The investigation into the couple missing after their house in Grant County burned in July is being treated as a homicide.
Grant County Sheriff Glenn Palmer said evidence collected at the scene of the fire on Nan’s Rock Road between Mt. Vernon and John Day is believed to be of human origin, and testing is being conducted by the Oregon State Medical Examiner’s Office in Clackamas.
The possible remains have not been identified, Palmer said in a Sept. 5 press release.
“This agency is not prepared to release any identities in this case of anyone,” Palmer said. “As the investigation progresses we will release information to the public as it becomes available.”
Terry Smith, 67, and Sharon Smith, 65, have been missing since their off-the-grid and isolated home was destroyed by a fire July 17-18. Their silver or light gray 2006 Toyota Tacoma with Oregon license 714EGG also went missing.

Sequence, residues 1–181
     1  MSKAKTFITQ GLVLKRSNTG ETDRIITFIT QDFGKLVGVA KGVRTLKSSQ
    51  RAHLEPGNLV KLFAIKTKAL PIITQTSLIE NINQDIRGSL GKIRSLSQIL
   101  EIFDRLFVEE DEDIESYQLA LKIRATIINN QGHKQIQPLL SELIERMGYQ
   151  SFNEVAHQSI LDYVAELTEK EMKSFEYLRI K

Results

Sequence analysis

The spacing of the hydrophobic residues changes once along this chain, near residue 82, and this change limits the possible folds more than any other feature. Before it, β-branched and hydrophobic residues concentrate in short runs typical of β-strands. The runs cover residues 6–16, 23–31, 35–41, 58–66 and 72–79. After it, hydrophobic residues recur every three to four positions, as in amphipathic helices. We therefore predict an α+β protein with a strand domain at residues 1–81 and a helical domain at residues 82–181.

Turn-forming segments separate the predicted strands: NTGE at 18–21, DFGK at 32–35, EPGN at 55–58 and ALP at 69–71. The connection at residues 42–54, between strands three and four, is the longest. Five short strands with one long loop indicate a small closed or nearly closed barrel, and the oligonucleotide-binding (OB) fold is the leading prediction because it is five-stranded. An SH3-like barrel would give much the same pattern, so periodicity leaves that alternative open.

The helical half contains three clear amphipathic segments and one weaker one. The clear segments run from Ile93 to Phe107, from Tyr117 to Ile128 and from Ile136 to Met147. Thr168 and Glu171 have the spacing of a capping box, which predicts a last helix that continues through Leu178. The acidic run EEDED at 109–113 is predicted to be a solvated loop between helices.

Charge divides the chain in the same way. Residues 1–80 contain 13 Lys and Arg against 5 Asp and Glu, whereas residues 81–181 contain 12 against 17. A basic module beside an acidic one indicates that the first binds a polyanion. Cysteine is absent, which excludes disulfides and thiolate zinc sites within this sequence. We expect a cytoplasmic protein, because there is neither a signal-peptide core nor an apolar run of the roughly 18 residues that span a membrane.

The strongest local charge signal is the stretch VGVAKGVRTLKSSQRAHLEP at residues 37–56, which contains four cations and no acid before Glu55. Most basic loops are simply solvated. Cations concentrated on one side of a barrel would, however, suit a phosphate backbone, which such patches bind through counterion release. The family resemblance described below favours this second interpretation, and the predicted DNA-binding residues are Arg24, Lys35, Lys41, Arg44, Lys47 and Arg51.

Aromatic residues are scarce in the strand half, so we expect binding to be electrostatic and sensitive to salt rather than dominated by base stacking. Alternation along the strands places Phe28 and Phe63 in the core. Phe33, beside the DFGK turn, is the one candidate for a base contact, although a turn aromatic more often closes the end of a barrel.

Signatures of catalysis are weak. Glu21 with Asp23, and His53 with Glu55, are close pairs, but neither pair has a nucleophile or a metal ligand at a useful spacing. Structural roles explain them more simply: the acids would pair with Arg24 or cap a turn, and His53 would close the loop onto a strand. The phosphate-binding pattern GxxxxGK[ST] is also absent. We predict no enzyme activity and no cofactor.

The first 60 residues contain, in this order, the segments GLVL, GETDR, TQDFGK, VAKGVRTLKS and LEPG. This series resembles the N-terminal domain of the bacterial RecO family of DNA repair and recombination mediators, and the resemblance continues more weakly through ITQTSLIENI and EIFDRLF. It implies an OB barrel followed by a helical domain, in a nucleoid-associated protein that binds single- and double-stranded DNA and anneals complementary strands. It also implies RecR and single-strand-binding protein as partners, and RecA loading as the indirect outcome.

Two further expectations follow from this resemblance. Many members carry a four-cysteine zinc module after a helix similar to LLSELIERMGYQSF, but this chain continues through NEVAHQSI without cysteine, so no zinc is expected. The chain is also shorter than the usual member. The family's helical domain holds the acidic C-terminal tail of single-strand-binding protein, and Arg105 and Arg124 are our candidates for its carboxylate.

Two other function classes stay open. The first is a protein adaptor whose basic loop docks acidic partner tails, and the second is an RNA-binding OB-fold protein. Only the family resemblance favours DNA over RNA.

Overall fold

Two cadaver dogs from the Crook County Sheriff’s Office searched the scene following the fire with negative results, Palmer said in an Aug. 2 press release.
Family and friends told the Blue Mountain Eagle about the social nature of the Smiths and how unusual it would be for them to disappear for any length of time without communicating with their friends and family.
Cathy Hinshaw, Sharon’s sister who lives in Hawaii, told the newspaper she felt pretty sure from the beginning that the Smiths had died and were consumed in the fire. But there were still unanswered questions.
“I can’t understand where the truck went,” she said.
She said the sheriff’s office asked her for a DNA sample and then three weeks later asked her to send a form confirming that they could use her sample.
Hinshaw said she spoke to Sharon the evening of the fire, and Sharon had told her they were headed to bed. The Smiths had planned to clean the caretaker’s house the next day and then go fishing.
The caretaker’s wife had suffered a stroke. The couple were in Idaho seeking medical treatment at the time of the fire but were expected to return the next day.
The Smiths sometimes let people stay on the 80- to 100-acre property on Nan’s Rock Road that the couple bought in the mid-1990s, Hinshaw said. They were a very social couple, and their disappearance was very unusual and suggested foul play, she said.
Hinshaw said she’s dealing with the tragedy.
“After a while, it gets easier,” she said. “I’m trying. There are good days and bad days.”